What is Repository Manager?
An repository manager allows to store and retrieve build artifacts. Repository management is a foundational step in a broader trend towards managing binary components across your software supply
chain and throughout the software development life cycle. Also, it can be considered as:
- A proxy for remote repositories which caches artifacts saving both bandwidth and time required to retrieve a software artifact from a remote repository, and
- A host for internal artifacts providing an organisation with a deployment target for software artifacts
In addition to these two core features, a repository manager also allows you to manage binary software artifacts through the software development, quality assurance, and production release life cycle. In addition to these core features, a repository manager can search software artifacts, audit development and release transactions, and integrate with external security systems such as LDAP. A repository manager is a powerful tool that encourages collaboration and provides visibility into the workflow which surrounds binary software artifacts.
What is Nexus?
Nexus is a repository manager. It allows you to proxy, collect, and manage your dependencies so that you are not constantly juggling a collection of JARs. It makes it easy to distribute your software. Internally, you configure your build to publish artifacts to Nexus and they then become available to other developers. You get the benefits of having your own ‘central’, and there is no easier way to collaborate.
Nexus Repository Manager Formats
Nexus Repository delivers universal support for package managers and formats. Nexus Repository Manager supports an evolving list of official and community repository formats. Formats are free to use, regardless of product license.
What are components?
A component is a resource like a library or a framework that is used as part of your software application at runtime, integration or unit test execution time or required as part of your build or deployment process.
It can also be an entire application or a static resource, like an image, without any dynamic behaviour. Even an entire operating system can be viewed as a component when used with container-based systems such as Docker.
Typically, components are archives of a large variety of files such as Java byte code in class files, C object files, binary files such as images, PDF files, sound and music files and many more. The archives use a variety of formats such as Java JAR, WAR, EAR formats; plain ZIP or .tar.gz files; other package formats such as NuGet packages, RubyGems, npm packages, Docker images, and others.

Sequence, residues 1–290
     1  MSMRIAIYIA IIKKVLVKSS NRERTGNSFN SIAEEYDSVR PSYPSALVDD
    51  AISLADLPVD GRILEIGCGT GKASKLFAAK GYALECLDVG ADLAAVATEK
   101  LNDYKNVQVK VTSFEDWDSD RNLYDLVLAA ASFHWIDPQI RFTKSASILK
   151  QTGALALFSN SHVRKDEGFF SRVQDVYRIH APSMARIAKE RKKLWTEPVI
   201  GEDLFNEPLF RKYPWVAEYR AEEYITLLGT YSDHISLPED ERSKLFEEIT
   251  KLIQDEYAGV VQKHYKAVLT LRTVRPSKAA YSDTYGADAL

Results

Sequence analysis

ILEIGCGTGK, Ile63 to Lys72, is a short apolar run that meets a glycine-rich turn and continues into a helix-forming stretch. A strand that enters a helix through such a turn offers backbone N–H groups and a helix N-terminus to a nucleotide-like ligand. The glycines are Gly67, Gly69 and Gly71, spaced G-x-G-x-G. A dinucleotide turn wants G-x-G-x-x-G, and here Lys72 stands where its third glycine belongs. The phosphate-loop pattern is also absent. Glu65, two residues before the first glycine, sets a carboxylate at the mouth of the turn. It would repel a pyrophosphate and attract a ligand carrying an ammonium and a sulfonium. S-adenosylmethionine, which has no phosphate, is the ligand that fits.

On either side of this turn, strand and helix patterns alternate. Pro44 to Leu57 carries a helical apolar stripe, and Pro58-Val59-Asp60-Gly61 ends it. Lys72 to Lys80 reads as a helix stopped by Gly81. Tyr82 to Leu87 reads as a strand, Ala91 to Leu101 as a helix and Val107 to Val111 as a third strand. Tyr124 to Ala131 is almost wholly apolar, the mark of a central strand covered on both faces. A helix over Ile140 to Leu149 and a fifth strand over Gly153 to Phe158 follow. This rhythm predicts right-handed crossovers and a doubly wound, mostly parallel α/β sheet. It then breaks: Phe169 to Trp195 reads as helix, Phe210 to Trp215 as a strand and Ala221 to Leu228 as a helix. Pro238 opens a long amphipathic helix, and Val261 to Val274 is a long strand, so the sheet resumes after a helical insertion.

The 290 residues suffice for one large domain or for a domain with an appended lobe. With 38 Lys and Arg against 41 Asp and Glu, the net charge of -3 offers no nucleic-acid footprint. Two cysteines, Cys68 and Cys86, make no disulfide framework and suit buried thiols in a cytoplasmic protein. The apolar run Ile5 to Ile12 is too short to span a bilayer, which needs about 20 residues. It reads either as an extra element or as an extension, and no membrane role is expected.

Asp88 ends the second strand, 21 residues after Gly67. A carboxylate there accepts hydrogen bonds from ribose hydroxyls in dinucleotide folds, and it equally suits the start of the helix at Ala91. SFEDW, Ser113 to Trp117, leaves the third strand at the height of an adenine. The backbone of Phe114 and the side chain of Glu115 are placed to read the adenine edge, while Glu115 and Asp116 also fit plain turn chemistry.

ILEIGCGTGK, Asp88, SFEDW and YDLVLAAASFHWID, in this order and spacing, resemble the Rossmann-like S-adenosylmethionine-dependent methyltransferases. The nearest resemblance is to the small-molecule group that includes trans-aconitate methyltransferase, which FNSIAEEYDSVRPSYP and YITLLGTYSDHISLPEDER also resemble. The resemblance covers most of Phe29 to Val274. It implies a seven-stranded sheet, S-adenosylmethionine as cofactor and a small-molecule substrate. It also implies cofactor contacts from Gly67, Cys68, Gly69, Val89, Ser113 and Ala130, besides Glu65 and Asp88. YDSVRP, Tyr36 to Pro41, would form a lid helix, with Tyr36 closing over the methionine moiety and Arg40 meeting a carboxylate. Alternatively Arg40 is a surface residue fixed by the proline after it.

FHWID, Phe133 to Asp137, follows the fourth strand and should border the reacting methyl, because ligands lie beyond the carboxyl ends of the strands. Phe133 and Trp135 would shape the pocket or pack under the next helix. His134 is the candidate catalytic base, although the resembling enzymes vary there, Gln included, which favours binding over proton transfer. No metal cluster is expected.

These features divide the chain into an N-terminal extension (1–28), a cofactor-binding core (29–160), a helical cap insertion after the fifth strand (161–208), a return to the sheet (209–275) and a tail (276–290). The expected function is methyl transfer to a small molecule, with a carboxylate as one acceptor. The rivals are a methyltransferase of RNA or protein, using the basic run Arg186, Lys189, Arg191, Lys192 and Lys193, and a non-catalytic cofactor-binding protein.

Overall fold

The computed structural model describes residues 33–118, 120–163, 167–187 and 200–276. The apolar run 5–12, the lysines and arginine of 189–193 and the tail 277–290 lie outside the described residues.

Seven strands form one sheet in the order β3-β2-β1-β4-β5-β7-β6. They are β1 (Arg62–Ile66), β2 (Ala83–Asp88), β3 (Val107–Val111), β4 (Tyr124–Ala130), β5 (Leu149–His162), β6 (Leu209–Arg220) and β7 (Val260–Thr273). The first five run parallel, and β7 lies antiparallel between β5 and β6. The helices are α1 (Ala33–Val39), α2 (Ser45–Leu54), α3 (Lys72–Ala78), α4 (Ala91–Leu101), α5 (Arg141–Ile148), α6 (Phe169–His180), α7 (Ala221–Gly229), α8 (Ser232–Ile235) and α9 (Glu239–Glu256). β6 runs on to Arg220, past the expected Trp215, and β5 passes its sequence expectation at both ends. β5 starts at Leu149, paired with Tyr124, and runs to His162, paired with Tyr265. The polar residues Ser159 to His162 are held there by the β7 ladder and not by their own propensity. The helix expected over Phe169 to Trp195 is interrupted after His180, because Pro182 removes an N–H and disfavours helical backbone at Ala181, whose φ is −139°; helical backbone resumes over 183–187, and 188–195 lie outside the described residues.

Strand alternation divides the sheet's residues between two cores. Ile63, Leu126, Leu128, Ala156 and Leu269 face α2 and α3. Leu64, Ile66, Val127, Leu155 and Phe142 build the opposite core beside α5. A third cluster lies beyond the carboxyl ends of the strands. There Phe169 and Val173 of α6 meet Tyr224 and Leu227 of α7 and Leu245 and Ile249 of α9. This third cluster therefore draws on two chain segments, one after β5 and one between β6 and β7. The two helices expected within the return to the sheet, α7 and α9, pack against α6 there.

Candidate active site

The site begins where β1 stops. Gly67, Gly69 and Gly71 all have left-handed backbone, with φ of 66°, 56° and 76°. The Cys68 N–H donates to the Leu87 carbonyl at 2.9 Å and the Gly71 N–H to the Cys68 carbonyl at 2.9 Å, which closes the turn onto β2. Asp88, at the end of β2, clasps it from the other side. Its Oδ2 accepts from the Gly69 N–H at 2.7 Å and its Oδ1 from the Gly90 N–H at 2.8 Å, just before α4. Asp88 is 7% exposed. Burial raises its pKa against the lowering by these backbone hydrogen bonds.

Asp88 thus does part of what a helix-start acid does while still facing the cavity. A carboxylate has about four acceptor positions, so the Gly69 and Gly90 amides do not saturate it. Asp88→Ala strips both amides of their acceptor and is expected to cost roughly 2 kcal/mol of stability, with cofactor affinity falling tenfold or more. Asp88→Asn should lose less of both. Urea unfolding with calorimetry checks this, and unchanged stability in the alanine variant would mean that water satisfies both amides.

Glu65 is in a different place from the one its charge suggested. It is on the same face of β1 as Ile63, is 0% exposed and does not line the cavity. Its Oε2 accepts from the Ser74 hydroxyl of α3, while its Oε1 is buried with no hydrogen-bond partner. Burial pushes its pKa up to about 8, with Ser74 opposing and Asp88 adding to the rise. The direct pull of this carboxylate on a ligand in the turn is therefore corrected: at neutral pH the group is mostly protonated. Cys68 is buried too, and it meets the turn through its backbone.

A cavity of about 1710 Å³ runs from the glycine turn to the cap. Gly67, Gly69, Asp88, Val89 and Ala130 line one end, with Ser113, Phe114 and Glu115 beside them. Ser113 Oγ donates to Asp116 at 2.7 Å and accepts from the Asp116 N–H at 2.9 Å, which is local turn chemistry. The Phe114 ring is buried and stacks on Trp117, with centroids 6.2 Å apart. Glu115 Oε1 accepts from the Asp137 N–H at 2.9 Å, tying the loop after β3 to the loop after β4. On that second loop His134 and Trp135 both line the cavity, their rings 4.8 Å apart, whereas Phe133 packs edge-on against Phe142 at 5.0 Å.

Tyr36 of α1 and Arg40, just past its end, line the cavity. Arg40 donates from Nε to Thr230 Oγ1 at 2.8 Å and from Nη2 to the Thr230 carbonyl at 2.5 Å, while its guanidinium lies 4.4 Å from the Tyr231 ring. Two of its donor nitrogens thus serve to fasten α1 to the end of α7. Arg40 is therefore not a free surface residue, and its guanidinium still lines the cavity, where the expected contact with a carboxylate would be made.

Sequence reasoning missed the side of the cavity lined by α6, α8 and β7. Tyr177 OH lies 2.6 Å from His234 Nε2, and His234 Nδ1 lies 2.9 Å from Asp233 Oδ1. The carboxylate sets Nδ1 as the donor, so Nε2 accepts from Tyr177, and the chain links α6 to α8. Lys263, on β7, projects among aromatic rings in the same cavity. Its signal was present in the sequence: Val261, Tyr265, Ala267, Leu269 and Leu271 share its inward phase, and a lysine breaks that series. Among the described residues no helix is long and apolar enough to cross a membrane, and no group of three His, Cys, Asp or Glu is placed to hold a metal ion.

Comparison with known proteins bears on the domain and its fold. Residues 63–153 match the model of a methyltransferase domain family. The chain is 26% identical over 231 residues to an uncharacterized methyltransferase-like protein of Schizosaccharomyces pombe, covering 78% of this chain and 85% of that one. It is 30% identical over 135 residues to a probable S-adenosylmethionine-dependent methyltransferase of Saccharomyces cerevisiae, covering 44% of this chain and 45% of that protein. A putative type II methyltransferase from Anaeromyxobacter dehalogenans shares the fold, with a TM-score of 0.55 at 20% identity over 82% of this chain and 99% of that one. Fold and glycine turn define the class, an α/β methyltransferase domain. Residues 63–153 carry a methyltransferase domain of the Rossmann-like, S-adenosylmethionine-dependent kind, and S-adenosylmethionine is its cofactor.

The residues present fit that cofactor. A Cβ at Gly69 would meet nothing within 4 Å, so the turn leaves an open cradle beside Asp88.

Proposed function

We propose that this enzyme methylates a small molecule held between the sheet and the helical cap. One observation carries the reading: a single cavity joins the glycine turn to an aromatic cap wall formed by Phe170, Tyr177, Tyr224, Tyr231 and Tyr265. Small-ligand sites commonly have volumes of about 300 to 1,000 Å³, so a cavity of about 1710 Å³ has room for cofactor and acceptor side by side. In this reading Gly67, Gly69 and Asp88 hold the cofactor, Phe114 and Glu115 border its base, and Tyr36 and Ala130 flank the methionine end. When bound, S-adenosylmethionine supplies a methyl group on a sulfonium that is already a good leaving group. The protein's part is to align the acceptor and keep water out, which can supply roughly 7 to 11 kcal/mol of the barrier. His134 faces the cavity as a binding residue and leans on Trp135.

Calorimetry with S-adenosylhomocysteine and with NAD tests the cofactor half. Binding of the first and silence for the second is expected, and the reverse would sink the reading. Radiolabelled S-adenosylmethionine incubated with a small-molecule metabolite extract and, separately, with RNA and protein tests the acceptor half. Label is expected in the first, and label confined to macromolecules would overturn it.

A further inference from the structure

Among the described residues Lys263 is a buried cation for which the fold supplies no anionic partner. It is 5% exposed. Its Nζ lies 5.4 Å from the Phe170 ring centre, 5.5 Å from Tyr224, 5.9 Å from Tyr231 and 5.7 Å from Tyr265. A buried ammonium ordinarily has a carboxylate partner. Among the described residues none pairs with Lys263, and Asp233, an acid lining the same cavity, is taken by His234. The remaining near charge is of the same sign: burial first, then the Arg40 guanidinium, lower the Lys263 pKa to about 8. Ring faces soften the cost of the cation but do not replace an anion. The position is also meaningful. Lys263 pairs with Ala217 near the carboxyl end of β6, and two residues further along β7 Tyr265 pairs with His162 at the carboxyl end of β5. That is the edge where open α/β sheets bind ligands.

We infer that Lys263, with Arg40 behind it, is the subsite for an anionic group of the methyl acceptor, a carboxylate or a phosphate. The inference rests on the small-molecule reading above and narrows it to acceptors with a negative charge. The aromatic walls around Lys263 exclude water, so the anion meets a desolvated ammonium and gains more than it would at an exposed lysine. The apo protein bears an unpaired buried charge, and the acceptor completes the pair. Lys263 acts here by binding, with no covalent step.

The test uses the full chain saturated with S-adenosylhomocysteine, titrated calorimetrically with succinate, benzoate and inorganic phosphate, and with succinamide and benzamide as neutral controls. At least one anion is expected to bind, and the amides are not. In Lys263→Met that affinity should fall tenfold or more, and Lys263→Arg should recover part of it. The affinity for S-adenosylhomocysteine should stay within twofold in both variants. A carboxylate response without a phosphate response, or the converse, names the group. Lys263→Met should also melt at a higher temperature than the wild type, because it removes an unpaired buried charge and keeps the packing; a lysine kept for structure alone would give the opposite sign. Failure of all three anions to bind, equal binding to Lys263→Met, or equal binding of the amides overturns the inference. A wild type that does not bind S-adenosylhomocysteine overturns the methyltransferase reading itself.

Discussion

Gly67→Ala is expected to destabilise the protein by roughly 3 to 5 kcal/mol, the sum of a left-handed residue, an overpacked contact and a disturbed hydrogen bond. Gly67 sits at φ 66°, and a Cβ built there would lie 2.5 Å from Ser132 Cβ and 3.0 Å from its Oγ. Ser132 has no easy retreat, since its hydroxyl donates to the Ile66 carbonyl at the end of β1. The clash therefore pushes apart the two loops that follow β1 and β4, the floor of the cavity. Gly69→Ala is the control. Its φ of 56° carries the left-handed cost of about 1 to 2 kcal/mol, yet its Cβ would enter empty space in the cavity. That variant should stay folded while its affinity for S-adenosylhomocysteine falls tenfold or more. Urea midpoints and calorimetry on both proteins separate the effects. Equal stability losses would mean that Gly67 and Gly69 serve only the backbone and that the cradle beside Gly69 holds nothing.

In various toolchains components are called ‘artifacts’, ‘packages’, ‘bundles’, ‘archives’, ‘images’ and other
terms. The concept is the same and we use ‘component’ as the independent, generic term.
Creating and managing repositories is an essential part of your Nexus Repository configuration, since it allows you to expose more components to your users. It supports proxy repositories, hosted repositories and repository groups in a number of different repository formats.
A repository with the type proxy, also known as a proxy repository, is a repository that is linked to a remote repository. Any request for a component is verified against the local content of the proxy repository. If no local component is found, the request is forwarded to the remote repository. The component is then retrieved and stored locally in the repository manager, which acts as a cache. Subsequent requests for the same component are then fulfilled from the local storage, therefore eliminating the network bandwidth and time overhead of retrieving the component from the remote repository again.
A repository with the type hosted, also known as a hosted repository, is a repository that stores components in the repository manager as the authoritative location for these components.
A repository with the type group, also known as repository group, represents a powerful feature of Nexus Repository Manager. They allow you to combine multiple repositories and other repository groups in a single repository. This in turn means that your users can rely on a single URL for their configuration needs, while the administrators can add more repositories and therefore components to the repository group.
Setting Up Nexus Repository Manager OSS
The first step is to download the repository manager. You can download it here for Windows, Linux, and OS X.
After downloading the file, you will have to extract it. Find the folder that contains a bin folder. That’s where you’ll have to start this tool from.
The prerequisite to use Nexus OSS is to have Java 8 Run Time Environment (JRE). You can download it here.
To start it, open command prompt, switch to the Nexus folder, and then into the bin directory. Then run the following command:
Once the tool has started, you can access it using your web browser on the URL:
Installing With Docker
To run, binding the exposed port 8081 to the host and use persistent storage as requirements:
docker run -d -p 8081:8081 --name nexus -v /some/dir/nexus-data:/nexus-data sonatype/nexus3
Default credentials are:
admin123.It can take some time (2-3 minutes) for the service to launch in a new container. You can tail the log to determine once Nexus is ready.
Installing With Helm chart:
helm repo add sonatype https://sonatype.github.io/helm3-charts/ helm install nexus-rm sonatype/nexus-repository-manager [ --version v29.2.0 ]
Once Installed Successfully, this is what the home page will look like:
Nexus Repository Manager is a FREE-to-use artifact repository manager by
Sonatype. It supports a wide variety of formats like APT, NuGET, Maven and Docker. Nexus Repository Manager centralizes the way binaries are controlled, stored and managed and can be considered as Universal binary repository manager.